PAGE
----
Health and Medical News and Resources

General interest items edited by Janice Flahiff

Are interventions to reduce sitting at workplace effective? [reblog]

From the 28 July 2015  post at al_gores_officeDR. SOUMYADEEP B

It is common for family physicians in developing nations like India to encounter patients whose profession demands sedentary lifestyle. Such patients present with back problems, obesity, cardiovascular diseases and diabetes and ask doctors for advice on how to decrease sitting. Workplaces need to address this issue by inculcating strategies to decrease sitting and improve health of their employees. Occupational physicians too need to suggest evidence-based strategies to employers. This article provides an evidence based summary about what interventions are actually effective for decreasing sitting at workplace.

Read the full Evidence Summary , published at Journal of Family Medicine and Primary Care here. (Open Access)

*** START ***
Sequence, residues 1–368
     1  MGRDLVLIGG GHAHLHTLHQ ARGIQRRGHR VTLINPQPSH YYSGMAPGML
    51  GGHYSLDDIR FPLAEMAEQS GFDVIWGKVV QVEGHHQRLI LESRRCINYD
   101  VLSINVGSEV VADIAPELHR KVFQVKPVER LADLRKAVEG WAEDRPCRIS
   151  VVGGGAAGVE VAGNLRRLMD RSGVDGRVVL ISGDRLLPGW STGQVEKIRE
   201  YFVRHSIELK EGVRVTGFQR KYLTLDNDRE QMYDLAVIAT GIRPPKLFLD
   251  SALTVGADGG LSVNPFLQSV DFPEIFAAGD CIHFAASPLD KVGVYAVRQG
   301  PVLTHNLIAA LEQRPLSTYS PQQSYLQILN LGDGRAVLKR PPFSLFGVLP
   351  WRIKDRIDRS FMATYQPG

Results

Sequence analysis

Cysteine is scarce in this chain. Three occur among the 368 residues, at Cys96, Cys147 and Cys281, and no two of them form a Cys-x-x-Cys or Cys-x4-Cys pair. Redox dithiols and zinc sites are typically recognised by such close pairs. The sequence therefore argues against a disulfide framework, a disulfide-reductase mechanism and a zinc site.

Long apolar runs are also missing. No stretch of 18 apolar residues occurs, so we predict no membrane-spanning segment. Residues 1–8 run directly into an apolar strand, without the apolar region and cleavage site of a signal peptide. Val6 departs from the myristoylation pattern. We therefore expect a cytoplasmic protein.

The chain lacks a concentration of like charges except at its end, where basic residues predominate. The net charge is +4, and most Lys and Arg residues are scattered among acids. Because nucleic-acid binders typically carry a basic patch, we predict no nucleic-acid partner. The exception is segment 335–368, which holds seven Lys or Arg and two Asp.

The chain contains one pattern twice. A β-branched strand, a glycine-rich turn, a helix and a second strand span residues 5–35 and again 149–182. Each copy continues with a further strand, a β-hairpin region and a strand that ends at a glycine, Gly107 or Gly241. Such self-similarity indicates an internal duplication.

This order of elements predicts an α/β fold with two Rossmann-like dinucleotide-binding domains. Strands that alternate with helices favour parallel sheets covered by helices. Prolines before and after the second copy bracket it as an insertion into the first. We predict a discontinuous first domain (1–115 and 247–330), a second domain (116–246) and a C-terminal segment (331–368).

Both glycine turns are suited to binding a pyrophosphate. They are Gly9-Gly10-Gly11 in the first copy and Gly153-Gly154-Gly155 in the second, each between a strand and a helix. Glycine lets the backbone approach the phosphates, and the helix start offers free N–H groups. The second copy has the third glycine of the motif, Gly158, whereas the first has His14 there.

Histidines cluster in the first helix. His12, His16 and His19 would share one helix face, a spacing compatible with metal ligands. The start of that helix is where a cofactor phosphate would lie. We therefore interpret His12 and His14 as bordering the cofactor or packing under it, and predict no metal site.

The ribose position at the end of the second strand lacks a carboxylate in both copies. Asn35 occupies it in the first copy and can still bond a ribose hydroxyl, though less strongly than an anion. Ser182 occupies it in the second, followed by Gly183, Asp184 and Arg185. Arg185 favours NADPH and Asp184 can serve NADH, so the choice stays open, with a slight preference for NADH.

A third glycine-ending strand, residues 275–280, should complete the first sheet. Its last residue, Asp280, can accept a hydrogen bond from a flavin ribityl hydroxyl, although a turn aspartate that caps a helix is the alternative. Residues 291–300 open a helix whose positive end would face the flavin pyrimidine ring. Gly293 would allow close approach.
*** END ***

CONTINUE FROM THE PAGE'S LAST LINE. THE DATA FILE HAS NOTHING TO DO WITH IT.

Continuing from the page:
July 28, 2015 Posted by | Workplace Health | , , , , | Leave a comment

Increased anxiety associated with sitting down

Increased anxiety associated with sitting down.
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From the 18 June 2015 EurkAlert

Low-energy activities that involve sitting down are associated with an increased risk of anxiety, according to research published in the open-access journal BMC Public Health

Low energy activities that involve sitting down are associated with an increased risk of anxiety, according to research published in the open access journal BMC Public Health. These activities, which include watching TV, working at a computer or playing electronic games, are called sedentary behavior. Further understanding of these behaviors and how they may be linked to anxiety could help in developing strategies to deal with this mental health problem.